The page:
• Periodic Inventory System-Simple method for keeping up with products and calculating the cost of products that were sold in a period. An actual count is periodically performed in order to determine the value of the inventory.

The periodic method does not maintain a running total of the current actual balances for Inventory and Cost Of Goods Sold. The effects of purchases and sales on Inventory and on Cost of Goods sold are determined at the end of each period when a physical inventory is taken. Adjusting and closing entries are required to adjust the Inventory and Cost Of Goods Sold amounts.

  • Retail Inventory Method-Aggregate method used to estimate the cost assigned to our ending inventory. The method requires maintaining some detailed records. Records are maintained for purchases and inventories at both cost and retail prices. In other words, the cost of the beginning inventories and purchases are maintained as well as the retail value (sales prices) of the beginning inventories and purchases.
  • Gross Profit Method-Aggregate method used to estimate the cost assigned to our ending inventory. Note:Used only internally to provide estimated amounts for preparing financial statements)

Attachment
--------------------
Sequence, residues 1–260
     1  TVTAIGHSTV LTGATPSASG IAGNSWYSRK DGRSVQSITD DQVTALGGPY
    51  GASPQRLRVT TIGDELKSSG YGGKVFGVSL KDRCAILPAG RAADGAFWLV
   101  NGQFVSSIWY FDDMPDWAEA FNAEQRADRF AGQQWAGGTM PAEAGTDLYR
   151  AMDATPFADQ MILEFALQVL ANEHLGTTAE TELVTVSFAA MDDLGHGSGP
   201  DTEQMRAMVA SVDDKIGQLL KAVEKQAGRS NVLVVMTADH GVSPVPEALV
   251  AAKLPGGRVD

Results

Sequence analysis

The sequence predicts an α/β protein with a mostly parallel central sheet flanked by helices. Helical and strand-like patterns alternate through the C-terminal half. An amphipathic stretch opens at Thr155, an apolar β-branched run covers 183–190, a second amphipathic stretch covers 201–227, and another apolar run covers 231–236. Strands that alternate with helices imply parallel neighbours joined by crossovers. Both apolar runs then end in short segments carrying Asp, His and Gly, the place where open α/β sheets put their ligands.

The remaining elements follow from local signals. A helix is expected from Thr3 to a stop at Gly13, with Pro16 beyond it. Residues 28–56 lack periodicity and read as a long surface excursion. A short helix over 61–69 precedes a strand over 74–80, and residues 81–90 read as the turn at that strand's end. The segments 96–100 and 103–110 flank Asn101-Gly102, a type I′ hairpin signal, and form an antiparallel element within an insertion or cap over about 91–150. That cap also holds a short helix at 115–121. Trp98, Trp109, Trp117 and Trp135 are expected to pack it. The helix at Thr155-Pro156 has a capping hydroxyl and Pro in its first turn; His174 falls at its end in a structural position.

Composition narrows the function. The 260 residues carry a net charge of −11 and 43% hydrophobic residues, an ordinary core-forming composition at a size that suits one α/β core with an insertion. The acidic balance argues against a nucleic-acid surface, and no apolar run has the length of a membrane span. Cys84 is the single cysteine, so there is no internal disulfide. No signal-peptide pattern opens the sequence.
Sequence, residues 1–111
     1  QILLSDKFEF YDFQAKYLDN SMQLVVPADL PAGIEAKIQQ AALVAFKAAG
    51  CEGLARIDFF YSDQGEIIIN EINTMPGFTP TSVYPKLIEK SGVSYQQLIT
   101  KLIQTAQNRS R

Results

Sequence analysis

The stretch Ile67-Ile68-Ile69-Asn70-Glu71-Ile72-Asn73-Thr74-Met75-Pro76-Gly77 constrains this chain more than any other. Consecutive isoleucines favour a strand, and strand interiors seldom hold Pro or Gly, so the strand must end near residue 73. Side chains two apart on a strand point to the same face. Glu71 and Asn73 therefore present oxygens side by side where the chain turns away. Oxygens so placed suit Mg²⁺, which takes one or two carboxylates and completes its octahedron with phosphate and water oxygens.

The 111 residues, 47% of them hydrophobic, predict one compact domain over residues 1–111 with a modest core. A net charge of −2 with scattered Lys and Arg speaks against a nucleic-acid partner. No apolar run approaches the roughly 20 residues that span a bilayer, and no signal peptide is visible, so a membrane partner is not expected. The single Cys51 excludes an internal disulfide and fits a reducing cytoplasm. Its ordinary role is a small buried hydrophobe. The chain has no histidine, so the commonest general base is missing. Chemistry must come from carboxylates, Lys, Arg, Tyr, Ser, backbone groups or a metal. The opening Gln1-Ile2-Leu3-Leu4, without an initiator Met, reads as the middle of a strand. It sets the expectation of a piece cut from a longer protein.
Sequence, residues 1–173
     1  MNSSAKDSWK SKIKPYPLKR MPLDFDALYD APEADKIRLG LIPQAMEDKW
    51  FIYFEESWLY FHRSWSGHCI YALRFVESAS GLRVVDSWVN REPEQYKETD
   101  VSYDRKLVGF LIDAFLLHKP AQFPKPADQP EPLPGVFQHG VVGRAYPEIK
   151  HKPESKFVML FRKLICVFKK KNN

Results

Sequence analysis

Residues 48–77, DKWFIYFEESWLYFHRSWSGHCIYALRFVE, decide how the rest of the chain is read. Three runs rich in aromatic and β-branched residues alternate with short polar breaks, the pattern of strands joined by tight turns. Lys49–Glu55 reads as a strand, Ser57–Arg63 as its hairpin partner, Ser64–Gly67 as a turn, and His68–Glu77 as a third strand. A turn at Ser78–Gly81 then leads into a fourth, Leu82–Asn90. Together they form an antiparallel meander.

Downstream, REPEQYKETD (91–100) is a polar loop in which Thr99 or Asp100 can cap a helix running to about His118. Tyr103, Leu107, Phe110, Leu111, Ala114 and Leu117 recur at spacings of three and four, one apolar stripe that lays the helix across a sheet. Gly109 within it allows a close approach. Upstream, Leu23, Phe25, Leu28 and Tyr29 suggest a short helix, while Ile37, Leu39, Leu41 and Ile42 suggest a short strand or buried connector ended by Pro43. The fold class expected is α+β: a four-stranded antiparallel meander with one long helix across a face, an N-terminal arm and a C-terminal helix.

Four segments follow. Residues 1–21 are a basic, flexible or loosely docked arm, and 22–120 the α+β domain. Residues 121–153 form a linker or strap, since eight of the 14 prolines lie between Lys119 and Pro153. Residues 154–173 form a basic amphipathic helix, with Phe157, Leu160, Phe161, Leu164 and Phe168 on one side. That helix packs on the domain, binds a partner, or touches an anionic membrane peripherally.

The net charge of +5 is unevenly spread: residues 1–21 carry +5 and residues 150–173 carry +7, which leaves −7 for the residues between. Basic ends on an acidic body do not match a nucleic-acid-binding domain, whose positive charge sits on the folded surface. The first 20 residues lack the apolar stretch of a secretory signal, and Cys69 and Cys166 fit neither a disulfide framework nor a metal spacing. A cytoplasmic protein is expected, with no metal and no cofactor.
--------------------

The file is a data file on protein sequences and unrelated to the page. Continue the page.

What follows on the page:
The main difference between the Gross Profit Method and the Retail Inventory Method is the data that is used to calculate the cost percentage used to convert sales at selling prices to sales at cost. The retail inventory method uses a cost percentage, called the cost-to-retail ratio , which is based on a current relationship between cost and selling price. The gross profit method relies on past data to estimate the current cost-to-retail-ratio (percentage).

  • Combination of Methods-Perpetual for high dollar items and the Periodic or another method for lower dollar items.

(2) Choice Of Costing Method (Flow)

  • Specific Identification
    If we could, the best matching of our revenue and costs would be accomplished by determining the specific cost of the item that was sold or that we still had on hand. For some high dollar and uniquely identifiable items this can easily be accomplished. Can you think of a few product examples. How about automobiles, boats, and custom jewelry to name a few. These item usually have a unique product ID (identification number) assigned to them. In the case of automobiles, all vehicles have a unique serial number.